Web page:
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How Does Nutrition Affect the Epigenetic Changes in Dairy Cows?

MMOPS Research Group, Departamento Producción y Sanidad Animal, Salud Pública y Ciencia y Tecnología de los Alimentos, Facultad de Veterinaria, Universidad Cardenal Herrera—CEU, CEU Universities, 46115 Valencia, Spain
Department of Animal Production and Health, Veterinary Public Health and Food Science and Technology (PASAPTA), Facultad de Veterinaria, Universidad Cardenal Herrera—CEU, CEU Universities, 46113 Valencia, Spain
Author to whom correspondence should be addressed.
Animals 2023, 13(11), 1883;
Submission received: 7 May 2023 / Revised: 25 May 2023 / Accepted: 1 June 2023 / Published: 5 June 2023
(This article belongs to the Section Cattle)



Simple Summary

Nutrition plays a key role in the epigenetic regulation of gene expression in dairy cows. Epigenetic alterations refer to the changes in gene expression that are not caused by changes in the DNA sequence itself, but rather by modifications to the DNA molecule or the proteins that interact with it. These modifications can be influenced by environmental factors such as diet and have a deep impact on the health and productivity of dairy cows. This work summarizes the main causes of nutrition that produce epigenetic changes in dairy cattle.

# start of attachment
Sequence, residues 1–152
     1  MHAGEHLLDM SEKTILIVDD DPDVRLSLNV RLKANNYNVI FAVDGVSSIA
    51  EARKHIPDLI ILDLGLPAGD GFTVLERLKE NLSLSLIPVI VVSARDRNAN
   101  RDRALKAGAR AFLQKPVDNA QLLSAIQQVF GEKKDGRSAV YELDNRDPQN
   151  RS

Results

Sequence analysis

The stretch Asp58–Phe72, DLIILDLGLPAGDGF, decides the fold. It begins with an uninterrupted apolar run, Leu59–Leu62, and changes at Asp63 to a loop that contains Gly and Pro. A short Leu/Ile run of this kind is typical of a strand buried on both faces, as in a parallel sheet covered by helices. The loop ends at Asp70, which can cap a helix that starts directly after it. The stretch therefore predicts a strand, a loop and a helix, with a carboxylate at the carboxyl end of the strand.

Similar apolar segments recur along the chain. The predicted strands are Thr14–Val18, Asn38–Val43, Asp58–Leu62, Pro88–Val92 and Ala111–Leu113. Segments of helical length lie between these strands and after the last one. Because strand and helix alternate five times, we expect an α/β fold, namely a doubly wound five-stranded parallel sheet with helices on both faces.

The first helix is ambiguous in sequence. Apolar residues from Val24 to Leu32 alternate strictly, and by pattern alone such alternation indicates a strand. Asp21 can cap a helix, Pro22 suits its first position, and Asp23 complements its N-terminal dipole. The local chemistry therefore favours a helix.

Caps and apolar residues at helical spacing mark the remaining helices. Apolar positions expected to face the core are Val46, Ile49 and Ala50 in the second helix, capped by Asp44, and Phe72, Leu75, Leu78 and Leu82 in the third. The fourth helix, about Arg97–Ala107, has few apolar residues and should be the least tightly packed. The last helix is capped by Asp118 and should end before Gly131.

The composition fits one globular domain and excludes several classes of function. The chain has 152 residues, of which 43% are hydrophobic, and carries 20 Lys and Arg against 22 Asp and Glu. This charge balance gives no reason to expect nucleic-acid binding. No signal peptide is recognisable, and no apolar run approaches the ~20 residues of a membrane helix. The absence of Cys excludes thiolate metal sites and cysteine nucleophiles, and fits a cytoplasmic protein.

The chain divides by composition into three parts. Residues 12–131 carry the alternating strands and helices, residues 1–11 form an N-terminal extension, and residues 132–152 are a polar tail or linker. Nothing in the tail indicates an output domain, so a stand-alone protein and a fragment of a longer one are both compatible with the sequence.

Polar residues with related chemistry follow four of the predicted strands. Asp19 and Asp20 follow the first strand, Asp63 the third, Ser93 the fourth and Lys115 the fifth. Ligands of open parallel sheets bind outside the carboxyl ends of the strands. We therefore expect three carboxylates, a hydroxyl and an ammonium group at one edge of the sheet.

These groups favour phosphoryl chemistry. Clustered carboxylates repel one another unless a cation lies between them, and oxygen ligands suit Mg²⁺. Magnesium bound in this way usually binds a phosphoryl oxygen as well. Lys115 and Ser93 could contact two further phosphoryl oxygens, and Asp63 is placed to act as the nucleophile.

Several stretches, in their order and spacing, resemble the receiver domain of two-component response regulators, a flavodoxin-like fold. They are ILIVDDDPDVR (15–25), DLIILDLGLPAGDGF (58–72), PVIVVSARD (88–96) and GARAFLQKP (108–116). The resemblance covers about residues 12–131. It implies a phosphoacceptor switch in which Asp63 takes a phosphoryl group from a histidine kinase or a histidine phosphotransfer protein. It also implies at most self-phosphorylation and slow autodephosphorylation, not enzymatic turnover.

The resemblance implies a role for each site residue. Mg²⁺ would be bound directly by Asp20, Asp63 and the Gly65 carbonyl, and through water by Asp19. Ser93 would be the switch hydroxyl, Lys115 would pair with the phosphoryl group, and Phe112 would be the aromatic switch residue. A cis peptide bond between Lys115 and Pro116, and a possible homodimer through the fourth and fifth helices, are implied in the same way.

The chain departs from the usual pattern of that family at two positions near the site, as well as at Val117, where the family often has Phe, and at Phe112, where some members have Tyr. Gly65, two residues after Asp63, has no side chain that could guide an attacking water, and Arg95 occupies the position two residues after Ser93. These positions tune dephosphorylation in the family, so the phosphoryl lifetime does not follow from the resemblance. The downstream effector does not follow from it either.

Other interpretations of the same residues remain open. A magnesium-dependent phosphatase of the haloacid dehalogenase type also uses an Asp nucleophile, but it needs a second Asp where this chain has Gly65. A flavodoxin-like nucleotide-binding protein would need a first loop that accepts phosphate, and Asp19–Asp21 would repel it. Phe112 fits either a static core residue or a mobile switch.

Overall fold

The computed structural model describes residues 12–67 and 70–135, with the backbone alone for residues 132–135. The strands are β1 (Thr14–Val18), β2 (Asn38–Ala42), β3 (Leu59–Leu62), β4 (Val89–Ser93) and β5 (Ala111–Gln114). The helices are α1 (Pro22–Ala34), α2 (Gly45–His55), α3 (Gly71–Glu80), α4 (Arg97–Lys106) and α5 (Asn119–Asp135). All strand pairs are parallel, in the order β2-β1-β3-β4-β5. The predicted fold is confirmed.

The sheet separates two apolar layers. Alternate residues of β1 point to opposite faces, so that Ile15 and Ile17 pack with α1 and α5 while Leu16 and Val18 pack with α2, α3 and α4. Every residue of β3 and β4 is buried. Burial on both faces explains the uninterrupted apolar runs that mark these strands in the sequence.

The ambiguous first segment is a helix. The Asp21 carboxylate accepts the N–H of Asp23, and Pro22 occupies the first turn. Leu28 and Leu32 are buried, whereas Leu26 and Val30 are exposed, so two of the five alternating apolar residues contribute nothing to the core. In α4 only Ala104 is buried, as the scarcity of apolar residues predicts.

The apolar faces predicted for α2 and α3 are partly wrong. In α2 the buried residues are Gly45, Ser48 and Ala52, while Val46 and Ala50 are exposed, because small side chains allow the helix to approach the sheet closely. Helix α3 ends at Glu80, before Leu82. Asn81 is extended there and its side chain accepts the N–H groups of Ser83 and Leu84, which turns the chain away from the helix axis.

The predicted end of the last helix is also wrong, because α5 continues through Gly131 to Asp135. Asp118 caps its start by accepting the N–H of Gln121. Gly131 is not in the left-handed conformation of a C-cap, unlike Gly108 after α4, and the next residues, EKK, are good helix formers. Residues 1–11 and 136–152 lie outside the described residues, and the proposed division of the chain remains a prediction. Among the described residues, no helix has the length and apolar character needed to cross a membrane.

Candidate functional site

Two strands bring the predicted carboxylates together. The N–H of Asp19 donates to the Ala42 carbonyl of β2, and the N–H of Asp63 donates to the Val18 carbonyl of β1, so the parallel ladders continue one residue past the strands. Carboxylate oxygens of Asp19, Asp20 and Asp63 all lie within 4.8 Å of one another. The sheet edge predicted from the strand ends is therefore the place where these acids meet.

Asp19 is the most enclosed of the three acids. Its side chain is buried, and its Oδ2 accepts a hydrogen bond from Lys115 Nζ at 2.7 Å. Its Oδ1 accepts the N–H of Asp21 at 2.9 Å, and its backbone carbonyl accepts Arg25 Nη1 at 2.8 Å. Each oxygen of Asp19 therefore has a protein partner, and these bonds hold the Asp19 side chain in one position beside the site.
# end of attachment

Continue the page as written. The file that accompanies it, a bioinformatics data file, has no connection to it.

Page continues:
Dairy cows require a balanced diet that provides enough nutrients to support milk production, growth, and reproduction. Inadequate nutrition can lead to metabolic disorders, impaired fertility, and reduced milk yield. Recent studies have shown that nutrition can affect epigenetic modifications in dairy cows, which can impact gene expression and affect the cows’ health and productivity. One of the most important epigenetic modifications in dairy cows is DNA methylation, which involves the addition of a methyl group to the DNA molecule. Studies have shown that the methylation status of certain genes in dairy cows can be influenced by dietary factors such as the level of methionine, lysine, choline, and folate in the diet. Other important epigenetic modifications in dairy cows are histone modification and microRNAs as regulators of gene expression. Overall, these findings suggest that nutrition can have a significant impact on the epigenetic regulation of gene expression in dairy cows. By optimizing the diet of dairy cows, it may be possible to improve their health and productivity by promoting beneficial epigenetic modifications. This paper reviews the main nutrients that can cause epigenetic changes in dairy cattle by analyzing the effect of diet on milk production and its composition.

1. Introduction

Cattle produced around 930 million tons of milk in 2022, up by 0.6 percent from 2021. The Food and Agriculture Organization of the United Nations expects an increase in milk production by more than 15 million tons per year by 2030, mainly in developing countries [1]. In addition, milk production also plays a relevant role in economic development and poverty mitigation [2]. In relation to human nutrition, milk and dairy products are one of the main sources of high-quality protein; vitamins A, D3, B1, B2, B6, and B12; and other micronutrients such as calcium, phosphorus, selenium, and potassium [3,4]. The milk compounds and types of fat in dairy are involved with bone health, cardiovascular disease, and other conditions, including immune development in children [4,5,6,7]. The quality and quantity of these and other relevant nutrients depend on the cow’s health and nutrition, and other factors such as milk processing.